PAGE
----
The Untold Notions of American History
It is indeed a notable fact that the United States of America has been known to be a naturally independent and self-sufficient country since then. Historians have deliberately suggested that America is isolated from the rest of the world and that it has its own characters, ideologies and events that are all undoubtedly unique.
This is the primary reason why American history is taught with the basis of chauvinistic perception- that America is autonomous from the start.
If most historians or instructors resolved to that suggestion, Thomas Bender chose to stand up for what he thinks is the truth about America. In his book “A Nation among Nations: America’s Place in World History”, he persuasively narrated that America’s history must be seen and taught in a broader perspective instead of just focusing on its said “autonomy”.
He proposed that the country’s history shouldn’t be treated as an entirely exceptional account because its triumphs and travails have also been experienced by other countries but in various ways. Bender presented a more global view of America’s history by providing five key events, which he believes influenced the view of Americans today towards their country.
First is the New World’s discovery wherein people from different points of compass arrived and settled in scattered regions of America primarily because of oceanic travel and trade. Next comes the “age of rebellion” or American Revolution which Bender depicted in the context of competition among empires.
He pointed out that the significance of rivalry between Europe and the rise of nationalism in other countries is often neglected when it comes to teaching or retelling America’s history. Subsequently, when countries decided to redefine their core beliefs about the nature of freedom, the Civil War took place. Bender discussed this third event with apt concentration on the violence and cruelty which resulted to million deaths in America.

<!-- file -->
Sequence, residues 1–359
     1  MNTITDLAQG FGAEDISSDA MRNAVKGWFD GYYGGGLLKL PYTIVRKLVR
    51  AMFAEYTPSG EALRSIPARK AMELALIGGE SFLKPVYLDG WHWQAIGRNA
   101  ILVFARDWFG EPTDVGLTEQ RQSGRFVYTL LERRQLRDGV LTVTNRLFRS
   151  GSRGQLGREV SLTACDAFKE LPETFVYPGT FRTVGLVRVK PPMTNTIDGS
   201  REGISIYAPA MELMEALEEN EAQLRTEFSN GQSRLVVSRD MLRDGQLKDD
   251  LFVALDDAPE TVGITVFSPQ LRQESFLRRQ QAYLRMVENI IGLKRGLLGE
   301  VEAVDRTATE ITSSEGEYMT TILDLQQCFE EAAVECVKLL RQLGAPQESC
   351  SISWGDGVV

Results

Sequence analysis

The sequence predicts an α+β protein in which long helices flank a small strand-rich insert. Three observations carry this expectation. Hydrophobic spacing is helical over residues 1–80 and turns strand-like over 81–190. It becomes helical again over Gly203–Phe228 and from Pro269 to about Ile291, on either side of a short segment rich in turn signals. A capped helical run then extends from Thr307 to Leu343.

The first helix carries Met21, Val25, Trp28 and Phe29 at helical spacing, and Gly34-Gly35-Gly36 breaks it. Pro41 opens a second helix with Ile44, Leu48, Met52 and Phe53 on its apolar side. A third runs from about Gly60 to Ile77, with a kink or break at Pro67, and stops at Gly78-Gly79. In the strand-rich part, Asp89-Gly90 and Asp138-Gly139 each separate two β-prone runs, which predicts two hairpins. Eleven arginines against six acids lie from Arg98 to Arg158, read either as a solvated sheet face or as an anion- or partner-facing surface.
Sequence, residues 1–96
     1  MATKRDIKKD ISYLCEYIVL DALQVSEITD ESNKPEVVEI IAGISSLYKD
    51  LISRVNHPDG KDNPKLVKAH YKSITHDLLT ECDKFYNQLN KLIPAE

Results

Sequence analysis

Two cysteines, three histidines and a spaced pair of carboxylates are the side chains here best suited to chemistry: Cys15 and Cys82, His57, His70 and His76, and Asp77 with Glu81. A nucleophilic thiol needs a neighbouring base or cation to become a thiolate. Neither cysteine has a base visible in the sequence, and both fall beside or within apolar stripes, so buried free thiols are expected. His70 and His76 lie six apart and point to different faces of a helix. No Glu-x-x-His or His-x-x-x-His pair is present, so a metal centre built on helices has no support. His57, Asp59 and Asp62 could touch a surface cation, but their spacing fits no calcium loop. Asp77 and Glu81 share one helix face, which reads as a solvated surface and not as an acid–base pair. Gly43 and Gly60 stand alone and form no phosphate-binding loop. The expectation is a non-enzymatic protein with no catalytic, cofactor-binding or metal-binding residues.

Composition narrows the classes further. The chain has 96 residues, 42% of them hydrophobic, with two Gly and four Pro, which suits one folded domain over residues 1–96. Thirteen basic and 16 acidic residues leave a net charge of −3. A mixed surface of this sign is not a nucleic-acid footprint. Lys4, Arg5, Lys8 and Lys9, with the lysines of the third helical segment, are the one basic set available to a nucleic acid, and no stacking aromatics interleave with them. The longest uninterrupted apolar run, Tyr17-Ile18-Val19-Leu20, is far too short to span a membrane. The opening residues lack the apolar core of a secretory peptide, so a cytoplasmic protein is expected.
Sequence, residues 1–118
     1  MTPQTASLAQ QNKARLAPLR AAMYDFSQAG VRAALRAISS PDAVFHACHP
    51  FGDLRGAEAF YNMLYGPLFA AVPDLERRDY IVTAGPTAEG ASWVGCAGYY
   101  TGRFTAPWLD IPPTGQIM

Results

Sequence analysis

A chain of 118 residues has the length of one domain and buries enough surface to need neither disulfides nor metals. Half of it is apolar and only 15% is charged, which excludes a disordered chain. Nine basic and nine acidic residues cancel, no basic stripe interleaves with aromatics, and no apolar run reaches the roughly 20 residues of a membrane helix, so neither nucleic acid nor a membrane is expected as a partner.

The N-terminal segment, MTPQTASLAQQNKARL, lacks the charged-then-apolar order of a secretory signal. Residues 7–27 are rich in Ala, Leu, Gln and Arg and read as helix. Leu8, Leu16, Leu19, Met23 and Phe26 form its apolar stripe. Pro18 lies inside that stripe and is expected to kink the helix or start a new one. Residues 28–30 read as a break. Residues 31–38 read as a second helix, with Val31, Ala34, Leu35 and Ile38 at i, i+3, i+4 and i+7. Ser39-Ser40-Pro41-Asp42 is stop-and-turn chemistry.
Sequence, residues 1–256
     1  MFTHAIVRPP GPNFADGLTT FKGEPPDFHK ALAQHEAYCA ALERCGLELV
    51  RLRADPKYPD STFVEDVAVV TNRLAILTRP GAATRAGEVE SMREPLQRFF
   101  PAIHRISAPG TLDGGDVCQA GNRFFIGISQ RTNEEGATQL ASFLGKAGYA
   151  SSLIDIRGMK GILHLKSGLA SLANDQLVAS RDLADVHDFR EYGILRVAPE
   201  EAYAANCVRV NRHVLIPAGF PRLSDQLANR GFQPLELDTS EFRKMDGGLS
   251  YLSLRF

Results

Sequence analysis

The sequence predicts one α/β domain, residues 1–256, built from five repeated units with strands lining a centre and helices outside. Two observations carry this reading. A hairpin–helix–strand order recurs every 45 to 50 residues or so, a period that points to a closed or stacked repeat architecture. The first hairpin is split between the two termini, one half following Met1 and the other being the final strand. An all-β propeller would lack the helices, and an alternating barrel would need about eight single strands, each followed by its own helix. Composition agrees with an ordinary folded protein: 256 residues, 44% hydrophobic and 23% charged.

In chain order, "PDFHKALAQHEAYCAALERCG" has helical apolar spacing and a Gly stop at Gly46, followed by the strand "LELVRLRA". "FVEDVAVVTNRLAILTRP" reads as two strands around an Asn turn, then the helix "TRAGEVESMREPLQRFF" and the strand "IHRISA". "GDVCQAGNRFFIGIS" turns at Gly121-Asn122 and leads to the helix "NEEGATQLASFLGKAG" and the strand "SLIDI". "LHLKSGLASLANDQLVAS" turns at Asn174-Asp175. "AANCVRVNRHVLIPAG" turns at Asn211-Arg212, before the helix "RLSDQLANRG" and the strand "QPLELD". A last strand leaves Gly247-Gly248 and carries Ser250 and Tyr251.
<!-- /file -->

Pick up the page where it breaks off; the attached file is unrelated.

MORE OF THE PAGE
He transparently pointed out that America underwent a violent process to build a strong nation. The fourth point that he tackled was the rise of imperialism which affected America against Spain, France, England, and Germany. The fifth and last point that he discussed was the response of America towards industrialism and urbanization during the 20th century.
Bender believed that those five events were really vital in America’s history and that they must be taught in an unbiased manner. Meaning, they must not be desensitized for they contain unnoticed truths about the country. In the final chapter, Bender defied Americans to rethink their twisted notions of America’s history.
He believed that viewing America as an “interdependent history with other histories” is helpful because it will justify the sense of identity of Americans. Thomas Bender was indeed successful in showing that America has shaped and has been shaped by other countries and that under the power and consistency of America lays a deeply grounded truth: that is indeed a nation among nations.